Doom Revisited

Saturday, May 1st, 2004 @ 10:28 pm | Tech

Recently, I’ve spent a lot of time playing Doom, the all-time greatest first-person shooter game. I’m a fairly casual gamer, and never really got into deathmatching and the more popular FPS’s such as Half-life, Quake 3, Unreal Tournament and such.

Doom’s ultimate appeal lies in it’s bloody (and addictive) simplicity. Plus, it will run on just about any machine. The isometric 3D view of modern FPS’s is frustrating to a non-hardcore gamer such as myself, who fumbles with the mouse/keyboard combo skills required to play. In Doom, on the other hand, all of your aiming is done on the horizontal axis. I prefer a joystick to the mouse/keyboard combo that modern FPS’s require, and Doom allows you to map pretty much all of the features you need onto a eight-button gamepad.

Id open-sourced the code to the Doom engine in 1997, and since then, a number of source ports have been made to extend the features of Doom, giving it a more modern feel. For those of you who haven’t played Doom in a while, go pick up the shareware version (or dust off the copy on your hard drive). While you’re at it, download Doom Legacy and point it to the doom.wad file in the Doom installation directory.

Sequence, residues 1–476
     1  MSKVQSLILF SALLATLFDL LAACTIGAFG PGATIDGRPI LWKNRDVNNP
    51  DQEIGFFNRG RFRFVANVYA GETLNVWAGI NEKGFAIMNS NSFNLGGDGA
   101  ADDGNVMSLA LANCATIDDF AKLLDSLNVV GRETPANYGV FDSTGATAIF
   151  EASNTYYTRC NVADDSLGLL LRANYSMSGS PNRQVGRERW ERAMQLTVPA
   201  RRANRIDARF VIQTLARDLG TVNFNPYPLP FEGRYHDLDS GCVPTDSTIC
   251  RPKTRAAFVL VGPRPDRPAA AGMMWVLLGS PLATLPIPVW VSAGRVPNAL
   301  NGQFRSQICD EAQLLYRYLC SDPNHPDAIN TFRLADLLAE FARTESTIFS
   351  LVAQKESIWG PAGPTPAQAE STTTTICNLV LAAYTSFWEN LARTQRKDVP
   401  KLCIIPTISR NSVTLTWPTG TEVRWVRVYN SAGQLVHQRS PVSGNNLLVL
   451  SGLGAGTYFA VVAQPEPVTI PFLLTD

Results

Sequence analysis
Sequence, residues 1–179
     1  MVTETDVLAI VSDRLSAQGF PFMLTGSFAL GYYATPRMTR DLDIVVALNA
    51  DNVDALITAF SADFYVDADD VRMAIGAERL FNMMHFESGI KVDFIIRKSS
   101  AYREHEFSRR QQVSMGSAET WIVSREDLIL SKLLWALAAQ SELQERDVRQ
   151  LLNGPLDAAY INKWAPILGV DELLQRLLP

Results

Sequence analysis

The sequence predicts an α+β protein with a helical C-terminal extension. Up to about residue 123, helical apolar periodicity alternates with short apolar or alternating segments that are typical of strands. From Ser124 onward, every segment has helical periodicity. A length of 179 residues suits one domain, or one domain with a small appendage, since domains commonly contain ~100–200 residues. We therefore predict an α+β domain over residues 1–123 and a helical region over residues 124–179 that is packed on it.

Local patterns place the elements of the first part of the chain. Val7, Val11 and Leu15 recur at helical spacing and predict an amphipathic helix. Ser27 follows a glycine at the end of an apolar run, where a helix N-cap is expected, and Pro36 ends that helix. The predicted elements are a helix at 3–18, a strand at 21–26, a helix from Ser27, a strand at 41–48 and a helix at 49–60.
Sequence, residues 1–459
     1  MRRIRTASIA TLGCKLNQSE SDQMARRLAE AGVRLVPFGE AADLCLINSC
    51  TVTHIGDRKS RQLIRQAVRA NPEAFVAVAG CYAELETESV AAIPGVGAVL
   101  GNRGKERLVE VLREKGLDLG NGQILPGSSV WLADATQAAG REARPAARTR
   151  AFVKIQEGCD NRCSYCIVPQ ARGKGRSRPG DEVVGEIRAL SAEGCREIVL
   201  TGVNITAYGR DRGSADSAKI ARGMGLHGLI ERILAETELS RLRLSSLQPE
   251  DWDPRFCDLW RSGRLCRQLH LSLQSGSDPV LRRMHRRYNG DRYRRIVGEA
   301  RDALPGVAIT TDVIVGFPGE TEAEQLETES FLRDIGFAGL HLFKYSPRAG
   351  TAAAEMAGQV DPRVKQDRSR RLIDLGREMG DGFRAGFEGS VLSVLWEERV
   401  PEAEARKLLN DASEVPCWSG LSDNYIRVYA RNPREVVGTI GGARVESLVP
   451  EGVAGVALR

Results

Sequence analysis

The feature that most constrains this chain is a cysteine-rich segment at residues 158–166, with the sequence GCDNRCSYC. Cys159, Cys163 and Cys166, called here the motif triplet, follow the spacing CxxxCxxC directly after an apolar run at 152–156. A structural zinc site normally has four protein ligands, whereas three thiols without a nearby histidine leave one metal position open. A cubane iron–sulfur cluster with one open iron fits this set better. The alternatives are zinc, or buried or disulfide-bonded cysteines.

If you have a good video card, you can now play Doom in OpenGL, and use higher resolutions. You also have access to a plethora of new features and configuration options, such as the ability to jump, look up and down, and play Doom like a modern 3D isometric FPS. Doom Legacy also allows you to easily connect to deathmatch game servers, and play against others.

With all the hubbub about the soon-to-be-released Doom 3, it’s as good a time as any to go back and play an enhanced version of the original.

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